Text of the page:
‘Bart Gets an F’ is the first episode of ‘The Simpsons’ Series 2; airing in the US on the 11th October 1990. The episode that prominently features everyone’s favourite 4th Grade hell raiser, Bart Simpson, is generally seen as a ‘classic’ episode of the beloved show. Here’s a quick run-down of the episode to give you some context (so if you haven’t seen the episode yet, and want a surprise, spoiler alert!).
Bart fails four History examinations and is given an ultimatum: pass his re-test or repeat the fourth grade. Horrified, Bart finally attempts to apply himself by roping in class boffin Martin Prince to teach him how to study, in exchange for Bart teaching Martin how to be ‘cool.’ The plan goes awry, however, when Martin becomes too cool to assist Bart in his studies, hanging him out to dry. After a desperate prayer, Bart is seemingly granted, by God Himself no less, one extra day in which to study. The snow day is spent in his room, reading his text books and making notes, while trying his best not to become distracted.
The following day, Bart takes the test again, and fails. In a very touching scene, Bart weeps over his failure, claiming that he ‘really tried,’ yet ‘still failed.’ Fortunately, Mrs Krabappel awards Bart an extra mark on his paper after Bart is able to link his own feelings of despair to that of a historical figure he came across as part of his studies. As Mrs Krabappel puts it, he’s passed, but ‘just barely.’ The end of the episode sees Bart dancing home and joyously displaying his D- paper on the fridge.
What can we learn from this episode?
I loved this episode as a kid, finding it both hilariously funny and painfully sad. But, years later, watching this episode has given me food-for-thought. What can we, as educators, learn from this episode?
What strikes me strongly is that students want to learn as long as the learning is meaningful for them and they are aware of the big-picture. Bart struggles mightily in school and is repeatedly shown as being the ‘class clown’ who finds his lessons both boring and difficult. However, when he is able to relate to a situation in his History topic, he is able to then apply his knowledge successfully. Making lessons meaningful for students must always be a cornerstone of our practice. After all, as Daniel Willingham puts it in his book, Why Don’t Students Like School, “memory is the residue of thought”. In other words, learning happens when students think about meaning. For material to be learned it must reside in the working memory – students must pay attention to it, as Bart eventually does when he showcases his knowledge to Mrs Krabappel.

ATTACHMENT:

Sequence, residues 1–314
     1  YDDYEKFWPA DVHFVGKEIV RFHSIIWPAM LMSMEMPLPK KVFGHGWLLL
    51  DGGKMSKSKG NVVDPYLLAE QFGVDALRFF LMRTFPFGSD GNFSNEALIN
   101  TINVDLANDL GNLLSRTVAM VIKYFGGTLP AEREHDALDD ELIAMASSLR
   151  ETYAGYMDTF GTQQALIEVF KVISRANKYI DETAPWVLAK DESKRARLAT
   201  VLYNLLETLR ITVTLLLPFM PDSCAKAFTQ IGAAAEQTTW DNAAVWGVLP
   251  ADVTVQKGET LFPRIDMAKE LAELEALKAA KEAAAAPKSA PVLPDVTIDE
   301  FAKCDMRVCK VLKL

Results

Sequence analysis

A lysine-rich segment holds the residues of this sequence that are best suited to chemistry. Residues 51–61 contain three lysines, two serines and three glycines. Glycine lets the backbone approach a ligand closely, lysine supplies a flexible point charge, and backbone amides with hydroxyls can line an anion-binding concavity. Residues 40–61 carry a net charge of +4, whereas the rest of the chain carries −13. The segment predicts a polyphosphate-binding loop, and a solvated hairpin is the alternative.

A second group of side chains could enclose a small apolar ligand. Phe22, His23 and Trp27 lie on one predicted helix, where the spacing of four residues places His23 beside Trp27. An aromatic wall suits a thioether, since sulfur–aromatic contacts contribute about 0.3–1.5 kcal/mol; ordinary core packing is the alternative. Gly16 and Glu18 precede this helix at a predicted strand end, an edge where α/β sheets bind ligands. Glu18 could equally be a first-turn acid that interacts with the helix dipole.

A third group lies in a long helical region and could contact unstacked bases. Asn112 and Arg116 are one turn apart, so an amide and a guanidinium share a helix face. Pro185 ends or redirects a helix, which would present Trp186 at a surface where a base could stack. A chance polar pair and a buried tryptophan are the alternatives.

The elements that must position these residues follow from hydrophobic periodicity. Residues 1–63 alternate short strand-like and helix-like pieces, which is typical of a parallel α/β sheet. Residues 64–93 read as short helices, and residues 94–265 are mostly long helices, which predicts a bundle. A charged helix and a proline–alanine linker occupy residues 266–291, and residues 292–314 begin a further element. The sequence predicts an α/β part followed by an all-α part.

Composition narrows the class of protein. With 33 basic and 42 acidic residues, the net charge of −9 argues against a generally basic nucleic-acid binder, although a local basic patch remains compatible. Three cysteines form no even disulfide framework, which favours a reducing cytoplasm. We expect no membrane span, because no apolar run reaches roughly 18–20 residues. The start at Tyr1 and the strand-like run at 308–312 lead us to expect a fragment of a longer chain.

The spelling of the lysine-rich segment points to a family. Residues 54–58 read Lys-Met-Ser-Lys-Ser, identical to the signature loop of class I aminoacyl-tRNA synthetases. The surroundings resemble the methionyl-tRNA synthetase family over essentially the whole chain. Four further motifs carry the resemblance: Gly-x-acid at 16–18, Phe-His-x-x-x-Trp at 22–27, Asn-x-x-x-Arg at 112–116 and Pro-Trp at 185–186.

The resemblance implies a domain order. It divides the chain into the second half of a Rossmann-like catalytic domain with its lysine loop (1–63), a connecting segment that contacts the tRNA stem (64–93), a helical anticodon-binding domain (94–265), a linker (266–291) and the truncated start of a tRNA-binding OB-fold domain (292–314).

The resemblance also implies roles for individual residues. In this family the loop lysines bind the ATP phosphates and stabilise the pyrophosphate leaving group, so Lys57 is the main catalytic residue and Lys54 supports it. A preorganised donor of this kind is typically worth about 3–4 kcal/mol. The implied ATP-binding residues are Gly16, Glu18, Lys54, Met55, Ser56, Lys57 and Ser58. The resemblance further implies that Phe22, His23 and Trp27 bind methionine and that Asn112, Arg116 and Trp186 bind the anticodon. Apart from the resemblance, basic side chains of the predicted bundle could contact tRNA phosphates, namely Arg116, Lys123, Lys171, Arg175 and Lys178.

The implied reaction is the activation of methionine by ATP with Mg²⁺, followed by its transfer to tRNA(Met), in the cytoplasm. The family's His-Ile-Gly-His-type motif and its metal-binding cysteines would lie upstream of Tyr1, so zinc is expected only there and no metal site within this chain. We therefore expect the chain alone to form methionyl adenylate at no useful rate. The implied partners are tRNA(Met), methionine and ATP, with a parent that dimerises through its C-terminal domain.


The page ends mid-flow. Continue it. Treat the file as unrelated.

Next, perhaps it is somewhat unrealistic to expect Bart Simpson, a boy who readily (but perhaps wrongly) refers to himself as ‘dumb as a post’, to show the exact same level of ability, engagement and achievement of that of his more able classmates. Less able students can achieve, and achieve well, but parameters generally have to be shifted in order to see that level of progress. Differentiation, as far as Mrs Krabappel is concerned, does not happen.
Finally, a wonderfully positive message is that success, no matter what the grade, should be celebrated, with real joy, excitement and sincerity. This is something that most modern teachers are (thankfully!) very keen to do.
Evaluating Krabappel’s ‘old-school’ practice!
Yes, this ‘old-school’ style of teaching is just that – old school, and nearly 30 years old at that (and now I feel like a serious crumbly). I recall my own days at Primary and Secondary school, and don’t recall differentiation being utilised as often as it is now. In my own experience, less able children were either repeatedly sent out of class with a TA, or simply left to struggle (that was me, with Maths, sadly). So perhaps it’s unfair to examine Edna Krabappel’s lacklustre teaching through our 2018 lens and criticise, but hey, it’s fun, and she’s not real, so that’s OK!
So how could Krabappel have developed her practice? How could she have helped Bart make small-step improvements? Well, here’s some questions which provide something to think about:
1. Could Krabappel have given Bart regular feedback before the test?
As all teachers know, formative assessment is your best friend – and your students’ best friend too. Timely, appropriate feedback is essential for showing children where they have done well, and where they need to improve. Feedback also shows students how they can improve: do their answers lack detail? Do they need to cite their sources? Do they need to show their working? Do they need to evaluate their learning in a more meaningful fashion? As the test Mrs Krabappel gives to Bart appears to be a standardised test assessing learning at the end of a History unit, it is certain that Bart would have written papers or answered questions on this topic prior to the test. His misconceptions could have been addressed earlier on. He should have been given advice on how to improve. Perhaps, he could have been given an opportunity to show what he knows in a different, less formal way. (For the sake of this post, I’m assuming Mrs Krabappel didn’t do any of these things, of course!).
2. Could Bart have been given intervention and support prior to the test?